I felt like you before, even worse when the gifts come with long lines, money that needs to go elsewhere and requires more hours of reading reviews, price comparison, store hoping or endless hold times to figure out why its tracking info is leading you to believe it got lost.. oh and wrapping…oh the wrapping don’t get me started!!

    But none of that’s what it’s about and if God knows our hearts, as He does, then we aren’t fooling Him and He’s the reason for Christmas! If I’m going to do this begrudgingly I might as well not participate, but to catch the right motives and transform my heart is a much better approach.

    How beautiful the gift of Jesus is to this world, how loving and sacrificial our Holy God is to give out of pure undying, agape love to the world His son, Jesus! Christians and many non Christians alike recognise and celebrate Christmas, but those of us who celebrate who are believers ought to be the happiest, merriest, most thankful and cheerful who stand out to shine the light of our Savior as we hold the task of giving to others, Christmas especially but all the time in reality!

    Fantastic post, appreciate the wisdom and transparency!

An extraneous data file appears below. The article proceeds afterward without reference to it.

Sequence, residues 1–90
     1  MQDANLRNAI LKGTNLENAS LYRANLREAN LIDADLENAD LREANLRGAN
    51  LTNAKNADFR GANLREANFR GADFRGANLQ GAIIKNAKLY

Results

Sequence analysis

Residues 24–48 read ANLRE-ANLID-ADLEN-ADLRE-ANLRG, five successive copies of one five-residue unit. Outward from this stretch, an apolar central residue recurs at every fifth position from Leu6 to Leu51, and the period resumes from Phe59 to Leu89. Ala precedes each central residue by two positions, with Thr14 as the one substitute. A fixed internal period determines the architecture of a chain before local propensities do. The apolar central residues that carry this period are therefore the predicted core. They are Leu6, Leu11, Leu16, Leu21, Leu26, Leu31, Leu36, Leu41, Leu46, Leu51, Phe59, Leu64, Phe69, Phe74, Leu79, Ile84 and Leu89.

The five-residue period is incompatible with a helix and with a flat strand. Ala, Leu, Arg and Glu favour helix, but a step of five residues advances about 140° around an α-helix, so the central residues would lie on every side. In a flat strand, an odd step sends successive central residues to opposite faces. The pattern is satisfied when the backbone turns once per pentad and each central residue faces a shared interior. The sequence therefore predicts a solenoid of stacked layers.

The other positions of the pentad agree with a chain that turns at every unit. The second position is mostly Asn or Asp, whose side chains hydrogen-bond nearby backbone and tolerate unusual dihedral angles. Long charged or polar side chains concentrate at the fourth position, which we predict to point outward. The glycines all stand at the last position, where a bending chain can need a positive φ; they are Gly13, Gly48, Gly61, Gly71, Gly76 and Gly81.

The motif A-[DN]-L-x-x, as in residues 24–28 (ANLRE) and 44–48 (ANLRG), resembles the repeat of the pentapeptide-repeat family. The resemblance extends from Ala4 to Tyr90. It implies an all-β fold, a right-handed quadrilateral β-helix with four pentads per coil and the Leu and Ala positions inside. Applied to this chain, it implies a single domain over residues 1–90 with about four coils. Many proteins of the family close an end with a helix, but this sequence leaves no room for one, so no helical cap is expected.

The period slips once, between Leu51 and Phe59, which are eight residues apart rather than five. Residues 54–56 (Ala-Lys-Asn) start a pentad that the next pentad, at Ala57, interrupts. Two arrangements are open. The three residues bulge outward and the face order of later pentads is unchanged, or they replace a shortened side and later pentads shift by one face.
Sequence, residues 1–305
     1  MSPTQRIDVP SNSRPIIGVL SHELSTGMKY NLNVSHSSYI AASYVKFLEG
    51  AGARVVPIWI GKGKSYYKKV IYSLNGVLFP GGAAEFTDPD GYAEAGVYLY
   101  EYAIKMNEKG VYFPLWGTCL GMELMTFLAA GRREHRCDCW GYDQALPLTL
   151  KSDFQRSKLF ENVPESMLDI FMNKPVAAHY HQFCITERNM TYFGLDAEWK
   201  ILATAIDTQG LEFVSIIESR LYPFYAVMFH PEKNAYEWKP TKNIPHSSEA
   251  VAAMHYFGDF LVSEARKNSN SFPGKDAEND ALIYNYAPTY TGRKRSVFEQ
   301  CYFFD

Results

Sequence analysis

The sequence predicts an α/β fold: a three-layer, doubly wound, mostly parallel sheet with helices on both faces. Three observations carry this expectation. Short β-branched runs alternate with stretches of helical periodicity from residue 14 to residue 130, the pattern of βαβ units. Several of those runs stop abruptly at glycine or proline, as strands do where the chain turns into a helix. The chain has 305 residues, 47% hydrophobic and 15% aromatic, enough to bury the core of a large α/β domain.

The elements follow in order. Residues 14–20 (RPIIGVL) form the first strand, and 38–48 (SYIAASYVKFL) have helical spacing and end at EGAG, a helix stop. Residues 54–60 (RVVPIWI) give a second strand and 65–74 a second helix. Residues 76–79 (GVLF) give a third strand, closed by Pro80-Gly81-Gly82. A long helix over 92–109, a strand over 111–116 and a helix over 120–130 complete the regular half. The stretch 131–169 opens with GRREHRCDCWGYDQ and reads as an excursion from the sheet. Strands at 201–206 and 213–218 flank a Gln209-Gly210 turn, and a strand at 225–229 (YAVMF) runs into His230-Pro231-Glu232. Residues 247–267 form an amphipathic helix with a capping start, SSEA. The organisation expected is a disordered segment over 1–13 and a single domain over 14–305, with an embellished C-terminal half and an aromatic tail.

3. This is marvelous and exactly how I felt in past years until I evicted my own Scrooge as well!! I read Ann Voskamp’s, The Greatest Gift devotional starting on the first Sunday of advent this year and it rocked my formerly grinch-y world. Hallelujah the king has come and is coming again! Thanks for sharing your story Lydia! Blessed to be your neighbor at #teachingwhatisgood Happy Christmas and Merry New Year to you dear!

    Liked by 1 person

  4. Yes, we can get a wrong mind set at times, but when we really STOP to consider all that Christmas really is, then we can celebrate with the best of them. Thank you for sharing with us here at Tell me a Story.

    Liked by 1 person

  5. Oh I am still stuck in the “why do we exchange gifts only to return them?” side of this. I’d truly love Christmas if the focus was not on gifts– pretty much why I LOVE Thanksgiving so much. I feel like the shift of society and even our family turns to what we’ll get and not what we have the minute Thanksgiving ends and Christmas officially begins. I keep trying each and every year to embrace the joy, wonder, and miracle of the season and hope that one year it finally clicks…

    Liked by 1 person